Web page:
A flock of bird-watching books, including several accounts of ‘Big Year’ quests and ‘Confessions of a Lister.’


by Hugh Gilmore

If you want to take up the hobby of bird watching, and begin this afternoon, you could easily notch 50 bird species for your “life list” before this year ended – without leaving Philadelphia. Add a few short trips, say to Fort Washington, or Cape May Point, and it should be easy to get to 100. It gets harder after that, but that’s when the true fun begins.

Not every “birder” is a “lister,” but most are. Some keep daily lists of species they’ve seen, others weekly, monthly, yearly, lifetime lists. Some try to photograph every bird they see. Others record their songs or calls. It’s one of the world’s biggest outdoor hobbies. Some regard it as a sport – Cape May, for example has an annual “World Series of Birding,” where teams compete to see who can see or hear (must be witnessed by a majority of

the team) the most species in 24 hours of non-stop racing around southern New Jersey. If this all seems too much, one can sit in his or her backyard and wait. In my small backyard in Chestnut Hill, I’ve seen 69 species of birds, including bald eagles, turkey vultures and great blue herons.

Some see the greatest possible accomplishment in birding as the “The Big Year” – when a person sets out to break the record for species seen in a year in a given geographic area. The American Birding Association record for the North American area stands at 836 species, set by a visiting Australian named John Weigel. The world record is 6,852 species seen in 2016 by Arjan Dwarshuis of the Netherlands.

As you might imagine, there is a considerable literature describing these, and other, feats of knowledge, determination, stamina and luck. The first classic book in this genre was written by the venerable Roger Tory Peterson who traveled North America for a year with an Englishman named James Fisher. In 1955, they produced a highly readable book and documentary film, both called “Wild America.” Peterson noted in a final footnote that he had seen 572 species during the trip.

In the years since, at least another 20 “Big Year” books have been published. They’re all exciting, even if you’re not a birder, because they involve adventure (sometimes to extremes) fanaticism, an incredible network of tipsters telling the quester where to go, modern logistics, and usually a fair amount of good-natured humor.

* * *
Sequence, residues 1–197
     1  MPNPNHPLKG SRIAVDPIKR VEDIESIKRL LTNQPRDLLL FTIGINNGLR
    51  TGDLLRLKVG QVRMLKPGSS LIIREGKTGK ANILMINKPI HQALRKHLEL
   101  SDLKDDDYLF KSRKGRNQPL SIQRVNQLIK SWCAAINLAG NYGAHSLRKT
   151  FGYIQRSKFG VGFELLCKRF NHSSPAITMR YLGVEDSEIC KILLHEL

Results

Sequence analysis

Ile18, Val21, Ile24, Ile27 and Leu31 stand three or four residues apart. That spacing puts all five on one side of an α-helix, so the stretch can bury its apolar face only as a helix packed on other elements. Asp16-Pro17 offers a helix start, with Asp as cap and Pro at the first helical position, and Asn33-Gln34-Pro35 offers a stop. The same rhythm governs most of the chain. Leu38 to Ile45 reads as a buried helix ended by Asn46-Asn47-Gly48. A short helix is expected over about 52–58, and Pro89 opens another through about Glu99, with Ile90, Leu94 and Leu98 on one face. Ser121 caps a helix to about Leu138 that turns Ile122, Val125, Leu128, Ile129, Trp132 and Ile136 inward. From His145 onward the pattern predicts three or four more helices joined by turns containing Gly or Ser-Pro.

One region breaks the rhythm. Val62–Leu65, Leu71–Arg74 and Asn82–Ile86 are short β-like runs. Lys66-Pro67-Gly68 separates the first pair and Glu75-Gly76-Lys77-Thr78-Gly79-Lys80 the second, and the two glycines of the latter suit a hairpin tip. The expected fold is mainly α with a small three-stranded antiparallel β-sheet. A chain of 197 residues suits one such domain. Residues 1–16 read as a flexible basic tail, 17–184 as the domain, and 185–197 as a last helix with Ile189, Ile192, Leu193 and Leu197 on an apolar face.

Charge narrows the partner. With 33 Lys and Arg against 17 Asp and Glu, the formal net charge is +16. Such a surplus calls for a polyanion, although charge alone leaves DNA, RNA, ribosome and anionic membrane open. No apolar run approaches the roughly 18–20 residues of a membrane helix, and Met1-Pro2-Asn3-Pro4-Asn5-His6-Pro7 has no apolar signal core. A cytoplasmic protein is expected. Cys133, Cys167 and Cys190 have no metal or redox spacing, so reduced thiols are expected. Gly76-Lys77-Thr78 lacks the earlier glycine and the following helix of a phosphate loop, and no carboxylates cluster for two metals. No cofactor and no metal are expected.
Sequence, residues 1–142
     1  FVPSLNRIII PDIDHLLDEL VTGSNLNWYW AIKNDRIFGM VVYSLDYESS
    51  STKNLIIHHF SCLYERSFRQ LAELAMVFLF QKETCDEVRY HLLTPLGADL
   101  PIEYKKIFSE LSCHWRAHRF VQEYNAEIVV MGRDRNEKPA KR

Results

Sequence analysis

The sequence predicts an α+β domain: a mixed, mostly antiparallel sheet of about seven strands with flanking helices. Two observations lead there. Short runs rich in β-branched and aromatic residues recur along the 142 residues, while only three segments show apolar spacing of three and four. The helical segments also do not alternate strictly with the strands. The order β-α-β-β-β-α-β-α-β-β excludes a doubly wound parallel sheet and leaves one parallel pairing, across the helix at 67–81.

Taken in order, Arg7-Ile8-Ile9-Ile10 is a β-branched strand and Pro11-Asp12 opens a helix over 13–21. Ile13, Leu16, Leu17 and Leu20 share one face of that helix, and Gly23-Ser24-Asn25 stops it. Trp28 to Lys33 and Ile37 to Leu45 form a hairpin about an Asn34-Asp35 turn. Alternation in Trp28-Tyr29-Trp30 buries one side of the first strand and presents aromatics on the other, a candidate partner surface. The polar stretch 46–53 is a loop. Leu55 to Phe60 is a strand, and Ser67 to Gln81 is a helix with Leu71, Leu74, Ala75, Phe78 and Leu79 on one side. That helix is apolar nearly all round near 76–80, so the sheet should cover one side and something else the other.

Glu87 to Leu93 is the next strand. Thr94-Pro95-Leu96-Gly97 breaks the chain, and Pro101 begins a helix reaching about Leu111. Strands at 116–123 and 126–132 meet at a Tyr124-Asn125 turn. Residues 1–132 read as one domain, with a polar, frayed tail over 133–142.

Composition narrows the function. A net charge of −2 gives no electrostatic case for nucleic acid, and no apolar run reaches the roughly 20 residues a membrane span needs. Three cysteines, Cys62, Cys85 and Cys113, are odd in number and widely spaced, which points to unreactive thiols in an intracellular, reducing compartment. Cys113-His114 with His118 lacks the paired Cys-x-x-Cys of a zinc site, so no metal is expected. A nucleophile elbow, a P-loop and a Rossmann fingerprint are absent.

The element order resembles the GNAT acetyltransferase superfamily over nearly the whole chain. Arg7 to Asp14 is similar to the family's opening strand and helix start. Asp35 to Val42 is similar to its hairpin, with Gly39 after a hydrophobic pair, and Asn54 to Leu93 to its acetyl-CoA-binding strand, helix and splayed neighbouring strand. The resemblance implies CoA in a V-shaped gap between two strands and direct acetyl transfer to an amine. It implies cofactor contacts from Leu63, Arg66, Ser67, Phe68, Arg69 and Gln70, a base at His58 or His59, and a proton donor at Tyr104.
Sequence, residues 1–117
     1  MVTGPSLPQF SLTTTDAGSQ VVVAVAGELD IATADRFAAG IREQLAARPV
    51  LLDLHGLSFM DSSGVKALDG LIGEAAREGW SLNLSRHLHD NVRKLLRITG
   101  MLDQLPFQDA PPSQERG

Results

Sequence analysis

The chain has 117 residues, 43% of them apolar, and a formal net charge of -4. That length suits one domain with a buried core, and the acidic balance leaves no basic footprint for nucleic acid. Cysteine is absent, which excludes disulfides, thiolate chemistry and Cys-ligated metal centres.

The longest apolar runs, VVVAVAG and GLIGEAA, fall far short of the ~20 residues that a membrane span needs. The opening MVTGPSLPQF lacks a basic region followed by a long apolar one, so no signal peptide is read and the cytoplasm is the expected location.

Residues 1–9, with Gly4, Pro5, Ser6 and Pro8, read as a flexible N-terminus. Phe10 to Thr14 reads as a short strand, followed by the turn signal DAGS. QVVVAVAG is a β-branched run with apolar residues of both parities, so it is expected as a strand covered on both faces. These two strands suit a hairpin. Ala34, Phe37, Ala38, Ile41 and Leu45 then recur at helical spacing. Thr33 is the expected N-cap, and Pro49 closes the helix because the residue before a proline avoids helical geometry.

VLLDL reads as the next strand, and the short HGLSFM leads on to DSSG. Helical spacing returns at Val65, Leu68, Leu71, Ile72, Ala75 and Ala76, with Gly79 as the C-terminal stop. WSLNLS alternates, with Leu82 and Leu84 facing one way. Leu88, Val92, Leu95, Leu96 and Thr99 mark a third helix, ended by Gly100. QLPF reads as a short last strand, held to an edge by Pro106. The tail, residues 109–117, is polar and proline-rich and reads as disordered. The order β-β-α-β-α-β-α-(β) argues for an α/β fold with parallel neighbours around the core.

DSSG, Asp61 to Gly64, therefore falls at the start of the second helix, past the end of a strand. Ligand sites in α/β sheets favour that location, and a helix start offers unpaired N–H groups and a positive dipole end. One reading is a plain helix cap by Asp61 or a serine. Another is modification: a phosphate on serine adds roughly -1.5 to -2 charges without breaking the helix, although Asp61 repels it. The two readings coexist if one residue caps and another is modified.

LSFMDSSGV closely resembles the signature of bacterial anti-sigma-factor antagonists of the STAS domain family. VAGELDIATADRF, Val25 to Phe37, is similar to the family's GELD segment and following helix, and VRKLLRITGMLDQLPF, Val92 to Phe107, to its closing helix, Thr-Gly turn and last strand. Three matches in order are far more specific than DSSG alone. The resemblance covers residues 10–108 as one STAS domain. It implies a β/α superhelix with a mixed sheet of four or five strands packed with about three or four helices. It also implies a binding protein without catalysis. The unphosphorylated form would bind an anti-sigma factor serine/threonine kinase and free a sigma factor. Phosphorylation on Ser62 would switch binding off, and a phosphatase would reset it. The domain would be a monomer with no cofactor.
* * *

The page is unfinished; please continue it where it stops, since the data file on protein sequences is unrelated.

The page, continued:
Some sample titles I’ve enjoyed include, “I Came, I Saw, I Counted” by Sandy Komito (1999); “Call Collect, Ask for Birdman” by James M. Vardaman (1980); “The Feather Quest” by Peter Dunne (1992); “Extreme Birder: One Woman’s Big Year” by Lynn E, Barber (2011) and “Lost Among the Birds: Accidentally Finding Myself in One Very Big Year” by Neil Hayward (2016).

I can’t let this opportunity go by without mentioning my two favorites. First, Kenn Kaufman’s “Kingbird Highway: The Biggest Year in the Life of an Extreme Birder” (1997). Kaufman dropped out of high school, where he was student council president, at 16 and went on the road, driven by his love of nature. Hitchhiking, and with a variety of old cars, vans and pickup trucks, he crisscrossed the nation. In 1973, he tried the Big Year stunt, ticked off 666 birds and came to learn that counting birds for a list was not the same thing as studying and appreciating nature.

My final recommendation is “Adventures in Birding: Confessions of A Lister” by Jean Piatt (1973). I’m still charmed by this book for two reasons. First, Piatt and his wife were inveterate Philadelphia birders and this book entertainingly tells about their quest to join the 600 (life list) Club for North America above Mexico. This was back in the pre-computer days and one of the things Piatt did to get the latest information was to hang around the Tinicum Wildlife Preserve back when it was still run by the Philadelphia Department of Parks and Recreation. I too visited the station there as often as I could back then and probably met him without knowing who he was.

Only after I had finished my graduate coursework in physical anthropology did I realize that Jean Piatt had been my professor at the University of Pennsylvania medical school when I took the course in gross human anatomy. I later found his book in a second-hand bookshop and made the connection. Ever since, I have regretted that birds and birding never came up when I had the pleasure of his funny and precise company.

Our book reviewer, Hugh Gilmore, has been birding since the summer of 1964. He lives and writes, with binoculars always handy, in Chestnut Hill.



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